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Ragged Claws at HKU Museum and Galleries


raging claws



Prufrock the Destroyer, an Anthropocene Mutant arisen from the floors of silent seas…. From the HKUMAG site (with thanks going out to the excellent James Shea, Collier Nogues, and Chris Mattison):

About his talk, David says, “I’ve lived in Shanghai for over a decade now, and I’m fascinated not only by its storied past as a cosmopolitan entrepôt (not to mention its myth-in-the-making present) but also as a key site in the networked production of intensifying crisis – economic, geopolitical, environmental, global. My recent book of poems, Expat Taxes, emerges from this fascination with Shanghai at the (likely) dawn of the Anthropocene, as does my current project to explore and write about neighborhoods surrounding many of Shanghai’s 364 Metro stations as directed by pseudorandom processes that include a set of necessarily mistranslated English texts.”

David Perry has lived in Shanghai for over a decade. He is the author of Expat Taxes (Seaweed Salad/French [Concession] Press), Range Finder (Adventures in Poetry), Knowledge Follows (Insurance Editions) and New Years (Braincase Books). He teaches in the Writing Program at NYU Shanghai and holds an MFA in Literary Translation from the University of Iowa.

Ragged Claws stages monthly discussions in Hong Kong about an element of poetic craft or practice. Ragged Claws is always an open event, and everyone is welcome. The name is taken from T.S. Eliot’s poem “The Love Song of J. Alfred Prufrock.”


Shanghai International Literary Festival appearances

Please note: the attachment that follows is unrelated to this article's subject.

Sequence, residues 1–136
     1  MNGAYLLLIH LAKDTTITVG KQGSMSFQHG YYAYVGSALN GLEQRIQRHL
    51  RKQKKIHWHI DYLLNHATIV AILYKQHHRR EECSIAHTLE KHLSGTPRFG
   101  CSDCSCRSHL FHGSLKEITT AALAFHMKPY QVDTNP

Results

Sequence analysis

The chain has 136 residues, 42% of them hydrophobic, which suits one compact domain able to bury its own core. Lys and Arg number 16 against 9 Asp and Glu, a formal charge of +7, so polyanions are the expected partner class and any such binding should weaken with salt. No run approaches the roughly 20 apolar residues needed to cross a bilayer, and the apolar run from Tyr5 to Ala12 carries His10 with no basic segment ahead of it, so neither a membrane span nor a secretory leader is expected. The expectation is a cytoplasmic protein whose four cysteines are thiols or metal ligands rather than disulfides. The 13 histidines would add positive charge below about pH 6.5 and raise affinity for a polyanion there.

Jen Bervin’s Microscopic Silk Poems Meant to Live Inside the Body


I’ll be reading and speaking at two SILF events. First, Saturday 11 March at 2pm, with Austin Woerner and Nina Powles, I’ll be reading a few poems and previewing the Thursday 16 6pm reading and panel discussion with Jen Bervin, Wen Jin and Jen Hyde.

Thursday’s event has been long in the making, bringing Jen & Jen back to Shanghai. Jen Hyde’s wrote most of her first full-length collection Hua Shi Hua while doing a post-graduate fellowship at NYU Shanghai; she also organized a fantastic Jen Bervin talk on her Emily Dickinson projects. Now Bervin’s back in China, working with Charlotte Lagarde on her fantastic Su Hui’s Reversible Poem project (if you click through one link today, make it the this one).

The Thursday panel is shaping up less as originally conceived (a panel grappling with difficult questions surrounding Anglophone American writers “writing China”) and more as a panel on culturally complex poetry and art practice: Jen Hyde’s book includes drawings and arises from her interest in China’s paper and bookmaking traditions; Jen Bervin’s Su Hui work is a beautiful project involving silk, embroidery, poetry and the history of Chinese women as woven through all of the aforementioned; finally, my new aleatoric & algorithmic Shanghai Metro-writing project, 16 Lines, which marks my first foray into poetry that goes beyond “the page,” with its eventual form projected to be an interactive website (technical help from NYU Shanghai colleague Luis Morales-Navarro) that will generate hundreds of thousands, if not millions, of line-combinations in the spirit of both Su Hui (her poem can be read 7000 different ways) and Raymond Queneau with his Cent mille milliards de poèmes. We’ll be joined by Wen Jin, who will moderate the discussion and Q&A, bringing the perspectives and insight she’s developed as a scholar focused on the complex interactions between and among Chinese and US American literatures (see her book Pluralist Universalism: An Asian Americanist Critique of U.S. and Chinese Multiculturalisms).